Kinder Morgan Canada pipeline plans hits a mountain of opposition
By Julie Gordon
VANCOUVER Oct 21 (Reuters) - A Western Canadian pipeline once seen as the best near-term hope for sending more of the country's controversial tar sands crude to Asia has hit another snag: aboriginal communities intent on using the courts to block the proposed expansion.
Kinder Morgan Energy Partners' C$5.4 billion ($4.8 billion) Trans Mountain expansion would twin a 60-year-old line running from the oil-rich province of Alberta to the coastal city of Vancouver, tripling its capacity.
The pipeline expansion had been seen as sure bet because it uses an existing route. But a surge in municipal opposition in recent months has fueled industry worries that it will enter legal and regulatory limbo along with the unbuilt TransCanada Corp Keystone XL and Enbridge Inc Northern Gateway pipelines.
The odds against the expansion are growing. Aboriginal communities along the route, angered by a consultation process they call unfair, are strategizing as a group on legal tactics they hope will stop the project dead.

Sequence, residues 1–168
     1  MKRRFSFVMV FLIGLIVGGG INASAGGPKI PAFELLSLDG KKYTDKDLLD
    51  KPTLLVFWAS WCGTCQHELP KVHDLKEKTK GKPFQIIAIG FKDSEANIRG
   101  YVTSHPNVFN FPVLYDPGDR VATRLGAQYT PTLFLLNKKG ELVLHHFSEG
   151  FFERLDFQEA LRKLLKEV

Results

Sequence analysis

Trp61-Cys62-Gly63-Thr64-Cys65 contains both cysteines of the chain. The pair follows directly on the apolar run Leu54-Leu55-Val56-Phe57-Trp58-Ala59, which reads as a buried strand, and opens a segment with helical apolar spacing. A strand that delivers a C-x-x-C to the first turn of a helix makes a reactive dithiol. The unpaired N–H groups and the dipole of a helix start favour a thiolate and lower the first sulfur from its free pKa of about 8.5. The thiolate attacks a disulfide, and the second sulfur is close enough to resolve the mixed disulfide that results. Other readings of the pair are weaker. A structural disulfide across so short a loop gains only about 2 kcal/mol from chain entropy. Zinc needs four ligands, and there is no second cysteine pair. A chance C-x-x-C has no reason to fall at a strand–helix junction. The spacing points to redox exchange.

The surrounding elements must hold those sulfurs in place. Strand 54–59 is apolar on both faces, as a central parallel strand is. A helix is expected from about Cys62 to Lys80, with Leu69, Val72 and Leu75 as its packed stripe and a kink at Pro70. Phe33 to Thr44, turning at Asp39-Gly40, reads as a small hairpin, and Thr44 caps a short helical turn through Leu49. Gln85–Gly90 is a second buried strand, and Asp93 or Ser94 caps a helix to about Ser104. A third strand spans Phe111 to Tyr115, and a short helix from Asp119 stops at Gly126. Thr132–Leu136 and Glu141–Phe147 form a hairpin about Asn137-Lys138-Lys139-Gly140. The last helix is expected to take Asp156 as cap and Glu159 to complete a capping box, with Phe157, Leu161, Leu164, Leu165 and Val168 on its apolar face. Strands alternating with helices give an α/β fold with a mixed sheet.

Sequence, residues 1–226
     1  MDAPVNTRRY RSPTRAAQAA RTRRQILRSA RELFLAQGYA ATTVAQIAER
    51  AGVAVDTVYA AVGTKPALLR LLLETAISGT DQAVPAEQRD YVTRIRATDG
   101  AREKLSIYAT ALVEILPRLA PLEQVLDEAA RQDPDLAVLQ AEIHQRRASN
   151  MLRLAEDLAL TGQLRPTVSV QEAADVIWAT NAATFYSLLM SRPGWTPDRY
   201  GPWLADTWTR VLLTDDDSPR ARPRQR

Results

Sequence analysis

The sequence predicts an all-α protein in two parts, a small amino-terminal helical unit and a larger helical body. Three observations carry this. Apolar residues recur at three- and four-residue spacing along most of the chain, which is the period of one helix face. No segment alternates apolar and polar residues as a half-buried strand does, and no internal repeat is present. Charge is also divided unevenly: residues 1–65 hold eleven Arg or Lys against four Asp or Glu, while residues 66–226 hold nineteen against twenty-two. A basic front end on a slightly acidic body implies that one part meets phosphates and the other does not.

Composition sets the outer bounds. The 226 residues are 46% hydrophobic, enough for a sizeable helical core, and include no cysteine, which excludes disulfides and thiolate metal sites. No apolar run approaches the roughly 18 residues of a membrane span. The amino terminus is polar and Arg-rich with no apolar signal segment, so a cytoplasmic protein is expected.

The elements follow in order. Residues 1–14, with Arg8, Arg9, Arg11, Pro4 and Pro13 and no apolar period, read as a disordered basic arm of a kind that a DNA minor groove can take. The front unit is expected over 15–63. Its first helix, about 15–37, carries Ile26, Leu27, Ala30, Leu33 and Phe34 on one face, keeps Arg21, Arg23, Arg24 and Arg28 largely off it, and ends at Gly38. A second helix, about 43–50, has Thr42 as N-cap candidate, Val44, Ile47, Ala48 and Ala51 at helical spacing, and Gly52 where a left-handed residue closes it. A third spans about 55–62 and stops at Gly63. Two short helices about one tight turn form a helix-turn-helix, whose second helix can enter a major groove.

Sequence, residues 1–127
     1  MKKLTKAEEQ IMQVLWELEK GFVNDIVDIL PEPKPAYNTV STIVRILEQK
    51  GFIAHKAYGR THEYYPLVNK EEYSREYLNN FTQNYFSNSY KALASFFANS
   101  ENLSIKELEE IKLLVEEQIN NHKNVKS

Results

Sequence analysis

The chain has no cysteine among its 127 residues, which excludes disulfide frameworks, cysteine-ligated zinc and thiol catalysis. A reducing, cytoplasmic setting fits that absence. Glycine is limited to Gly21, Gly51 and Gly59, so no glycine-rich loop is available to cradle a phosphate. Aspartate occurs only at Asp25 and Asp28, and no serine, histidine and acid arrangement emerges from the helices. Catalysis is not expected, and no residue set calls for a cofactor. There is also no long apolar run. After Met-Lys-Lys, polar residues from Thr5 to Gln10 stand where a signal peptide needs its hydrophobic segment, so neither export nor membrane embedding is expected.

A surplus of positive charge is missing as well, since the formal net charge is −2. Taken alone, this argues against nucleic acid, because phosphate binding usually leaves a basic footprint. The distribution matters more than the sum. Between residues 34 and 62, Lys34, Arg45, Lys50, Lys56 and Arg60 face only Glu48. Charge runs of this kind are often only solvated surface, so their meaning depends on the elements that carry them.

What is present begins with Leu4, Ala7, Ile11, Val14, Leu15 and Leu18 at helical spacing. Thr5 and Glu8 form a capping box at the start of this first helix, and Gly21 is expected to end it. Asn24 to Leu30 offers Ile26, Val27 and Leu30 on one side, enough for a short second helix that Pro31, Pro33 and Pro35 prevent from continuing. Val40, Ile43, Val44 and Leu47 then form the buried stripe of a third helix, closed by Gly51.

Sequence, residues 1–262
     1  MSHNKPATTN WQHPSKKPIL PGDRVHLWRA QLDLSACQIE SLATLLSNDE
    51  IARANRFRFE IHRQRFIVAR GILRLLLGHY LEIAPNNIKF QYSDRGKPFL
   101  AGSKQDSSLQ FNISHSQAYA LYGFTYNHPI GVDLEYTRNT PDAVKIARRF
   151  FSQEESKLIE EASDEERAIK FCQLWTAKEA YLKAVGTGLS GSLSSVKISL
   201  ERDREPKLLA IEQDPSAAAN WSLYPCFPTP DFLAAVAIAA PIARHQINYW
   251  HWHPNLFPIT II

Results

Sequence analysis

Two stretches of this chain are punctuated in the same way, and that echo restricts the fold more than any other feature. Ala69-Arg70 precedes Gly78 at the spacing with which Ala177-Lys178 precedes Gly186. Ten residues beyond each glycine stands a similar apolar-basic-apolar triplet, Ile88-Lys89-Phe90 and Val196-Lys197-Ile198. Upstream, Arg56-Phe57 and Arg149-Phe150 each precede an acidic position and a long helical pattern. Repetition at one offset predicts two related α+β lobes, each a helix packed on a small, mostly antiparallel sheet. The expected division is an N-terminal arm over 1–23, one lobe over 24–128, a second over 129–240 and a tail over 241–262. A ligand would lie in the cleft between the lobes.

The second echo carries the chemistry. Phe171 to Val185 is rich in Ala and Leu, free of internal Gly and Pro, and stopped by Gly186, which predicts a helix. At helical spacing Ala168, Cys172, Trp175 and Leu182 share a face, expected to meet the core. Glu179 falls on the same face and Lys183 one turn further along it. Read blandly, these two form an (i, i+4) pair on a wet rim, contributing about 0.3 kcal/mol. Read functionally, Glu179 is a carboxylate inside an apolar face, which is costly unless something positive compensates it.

The expansion would help open international markets for Canadian oil producers, delivering billions in revenues. The National Energy Board is hearing traditional evidence from Aboriginal groups as part of the regulatory review this week.
"The opposition is widespread and it is vehement, so we're going to continue this fight until the bitter end," said Grand Chief Stewart Phillip of the Union of B.C. Indian Chiefs. "We're looking at a very litigious future."
Two aboriginal communities have already filed lawsuits. Others are banding together to develop strategies around negotiations, litigation and possibly direct protest. Aboriginal leaders call it a "new era" of opposition.
Other opponents include environmental groups and municipal leaders like the mayor of Burnaby, the Vancouver suburb that houses the pipeline terminus and its marine facilities. Mayor Derek Corrigan has pledged his city will exercise every legal option to fight any increase in capacity. Continued...